While at AMU, Jerome was involved with the student club Life Runners, an on-campus division of the National LIFE Runners organization, which aims to fight for and celebrate life through running, sacrifice, community, and prayer. As a former Eagle Scout, Jerome loves any outdoor activity.
Now as a graduate student in one of the nation’s top music schools, Jerome spends much of his time inside, studying and practicing. But his heart is still set on community, service, and prayer. “My particular interest lies in the field of sacred music,” he shares. “One of my goals is to bring people closer to Christ in the Holy Eucharist through a beautiful presentation of the musical elements of the Liturgy.”
At IU Jacobs School of Music, Jerome’s favorite class is an organ literature class with Dr. Christopher Young. “We are exploring the repertoire of the Renaissance and early Baroque,” he explains, “and learning much about early organ composers and performance practices. The class is harder than history classes I have previously taken, which has pushed me to improve and take my game to the next level, so to speak.” He hopes to begin entering organ competitions soon.
Reflecting on his time at AMU, Jerome recognizes the value of having received a foundation in the liberal arts through the Core Curriculum. “The importance of the Core Curriculum at Ave cannot be overlooked,” he states. “It is hard to pinpoint exactly how it helps one, but this is not the point; the point is that it forms the individual as a human being and does not treat one as a robot… I could accurately say I would not be the person I am today without having taken Latin, Philosophy, Theology and Literature—the best that has been said and done.” In a more practical way, he goes on, the amount of writing practice received through the many paper assignments, and the quality of writing expected, has given him some of the tools necessary for professional and academic success. “Writing is a skill necessary in any field of study, and one for which both employers and professors look,” Jerome adds.
Jerome has some advice for current students looking to follow a path similar to his: set clear goals, and work hard to achieve them. “You can do just about anything if you set your mind to it; you can come from a small music program at a liberal arts college and go to graduate school at one of the best music schools in the nation. Dream big and work hard.”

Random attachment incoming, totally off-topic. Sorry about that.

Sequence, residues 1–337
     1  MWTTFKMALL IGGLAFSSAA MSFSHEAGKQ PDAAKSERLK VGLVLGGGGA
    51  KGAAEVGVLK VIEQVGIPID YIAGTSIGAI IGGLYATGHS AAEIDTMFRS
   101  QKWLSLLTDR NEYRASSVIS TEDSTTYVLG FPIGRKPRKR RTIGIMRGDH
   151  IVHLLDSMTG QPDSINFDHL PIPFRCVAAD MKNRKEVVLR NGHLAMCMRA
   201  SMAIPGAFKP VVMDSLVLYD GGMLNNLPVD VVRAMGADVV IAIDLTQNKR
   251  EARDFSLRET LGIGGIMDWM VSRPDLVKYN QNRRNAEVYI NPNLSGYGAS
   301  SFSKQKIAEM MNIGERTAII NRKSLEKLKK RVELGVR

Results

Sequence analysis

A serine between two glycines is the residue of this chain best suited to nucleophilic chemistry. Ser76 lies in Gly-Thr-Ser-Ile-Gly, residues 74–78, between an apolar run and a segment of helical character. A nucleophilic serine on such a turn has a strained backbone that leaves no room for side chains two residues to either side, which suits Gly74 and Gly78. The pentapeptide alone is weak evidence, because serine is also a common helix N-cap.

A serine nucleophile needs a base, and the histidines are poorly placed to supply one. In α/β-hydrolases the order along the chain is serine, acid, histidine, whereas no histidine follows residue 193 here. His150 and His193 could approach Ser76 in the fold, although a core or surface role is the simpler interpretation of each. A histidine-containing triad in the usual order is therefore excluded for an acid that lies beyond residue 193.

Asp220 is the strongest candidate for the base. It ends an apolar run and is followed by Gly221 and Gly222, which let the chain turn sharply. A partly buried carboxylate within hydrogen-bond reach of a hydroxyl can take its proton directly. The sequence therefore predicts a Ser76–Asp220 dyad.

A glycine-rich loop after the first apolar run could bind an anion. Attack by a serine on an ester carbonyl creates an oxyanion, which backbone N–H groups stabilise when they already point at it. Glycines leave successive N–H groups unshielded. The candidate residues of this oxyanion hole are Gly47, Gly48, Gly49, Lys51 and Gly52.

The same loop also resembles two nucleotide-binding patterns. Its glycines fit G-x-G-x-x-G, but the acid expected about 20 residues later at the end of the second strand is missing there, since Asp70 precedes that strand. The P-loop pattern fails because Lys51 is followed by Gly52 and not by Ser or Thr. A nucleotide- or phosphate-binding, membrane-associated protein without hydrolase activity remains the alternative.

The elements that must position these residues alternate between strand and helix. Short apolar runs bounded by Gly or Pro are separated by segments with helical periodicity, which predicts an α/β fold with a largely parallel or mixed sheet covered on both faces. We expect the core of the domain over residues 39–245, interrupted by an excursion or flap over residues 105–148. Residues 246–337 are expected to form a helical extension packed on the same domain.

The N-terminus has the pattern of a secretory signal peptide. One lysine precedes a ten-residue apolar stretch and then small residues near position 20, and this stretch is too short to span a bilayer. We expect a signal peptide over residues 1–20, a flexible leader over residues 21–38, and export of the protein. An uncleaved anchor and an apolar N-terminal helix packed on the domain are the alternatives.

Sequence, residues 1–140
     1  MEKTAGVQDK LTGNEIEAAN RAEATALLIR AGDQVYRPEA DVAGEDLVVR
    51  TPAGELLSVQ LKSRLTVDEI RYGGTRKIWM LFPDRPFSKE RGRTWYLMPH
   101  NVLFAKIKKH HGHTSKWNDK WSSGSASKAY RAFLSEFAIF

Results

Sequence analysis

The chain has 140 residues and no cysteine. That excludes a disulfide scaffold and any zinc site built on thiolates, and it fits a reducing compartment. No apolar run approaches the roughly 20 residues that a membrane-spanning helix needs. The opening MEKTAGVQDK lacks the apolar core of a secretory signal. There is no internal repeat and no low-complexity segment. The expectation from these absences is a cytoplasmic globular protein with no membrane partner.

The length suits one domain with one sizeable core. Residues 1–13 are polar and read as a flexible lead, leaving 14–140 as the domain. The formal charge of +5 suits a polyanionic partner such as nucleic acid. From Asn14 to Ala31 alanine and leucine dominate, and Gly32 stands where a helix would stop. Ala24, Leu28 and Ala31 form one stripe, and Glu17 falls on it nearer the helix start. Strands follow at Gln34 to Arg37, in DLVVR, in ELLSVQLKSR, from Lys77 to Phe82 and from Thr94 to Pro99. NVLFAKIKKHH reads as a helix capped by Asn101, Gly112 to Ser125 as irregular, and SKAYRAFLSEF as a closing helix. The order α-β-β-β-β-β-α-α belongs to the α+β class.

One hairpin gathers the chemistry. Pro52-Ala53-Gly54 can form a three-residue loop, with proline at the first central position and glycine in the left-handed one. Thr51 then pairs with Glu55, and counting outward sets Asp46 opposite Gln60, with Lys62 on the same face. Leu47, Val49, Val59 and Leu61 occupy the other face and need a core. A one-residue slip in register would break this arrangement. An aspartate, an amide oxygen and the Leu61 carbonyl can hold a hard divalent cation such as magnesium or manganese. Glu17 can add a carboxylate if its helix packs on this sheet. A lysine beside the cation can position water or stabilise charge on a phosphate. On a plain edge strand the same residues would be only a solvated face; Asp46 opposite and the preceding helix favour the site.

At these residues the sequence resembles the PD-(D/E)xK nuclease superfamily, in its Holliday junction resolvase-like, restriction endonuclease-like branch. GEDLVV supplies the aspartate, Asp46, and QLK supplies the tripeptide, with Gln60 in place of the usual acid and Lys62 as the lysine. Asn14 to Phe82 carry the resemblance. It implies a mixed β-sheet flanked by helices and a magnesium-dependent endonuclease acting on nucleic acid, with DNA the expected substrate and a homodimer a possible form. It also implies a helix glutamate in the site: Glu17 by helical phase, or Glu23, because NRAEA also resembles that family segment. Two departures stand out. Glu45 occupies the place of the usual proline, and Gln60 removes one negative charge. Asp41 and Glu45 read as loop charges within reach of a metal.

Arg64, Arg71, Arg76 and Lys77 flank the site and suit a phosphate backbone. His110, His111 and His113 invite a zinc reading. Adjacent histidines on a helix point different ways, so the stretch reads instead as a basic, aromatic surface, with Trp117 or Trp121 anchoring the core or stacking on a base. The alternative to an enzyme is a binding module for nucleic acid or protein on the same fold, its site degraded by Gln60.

Fr. Vincent Meconi will be one of the plenary speakers at the Aquinas Center for Theological Renewal’s conference, Mother Teresa and the Mystics: Toward a Renewal of Spiritual Theology.
In his lecture, “Touching Jesus Today: The Mystical Body & Mother Teresa,” Fr. Meconi will situate St. Teresa of Calcutta in the glorious line of Christians who prayed and worked so as to meet Christ in Christ’s people, especially the poor. How she structured her prayer life, her hope for liturgy, and her entire desire to be with the marginalized was all in order to meet the thirsty Jesus. How she did that, how she appropriated key theological elements of the Church Fathers and Medieval Doctors, and why this is a call for all of us will be the major themes of this paper.
Fr. Meconi will give the closing address at 5:00 pm on Saturday, February 11th, in the Bob Thomas Student Union Ballroom.
In celebration of the canonization of Teresa of Calcutta in September 2016, the Aquinas Center for Theological Renewal at Ave Maria University will take an in-depth look at the legacy of her life and writings in the context of the great mystics of the Catholic tradition as well as of spiritual theology, also known as ascetical and mystical theology. The conference will bring together scholars from the across the sub-disciplines of theology and related fields to explore Mother Teresa’s life and writings in conversation with the broader tradition of Catholic mysticism and theology.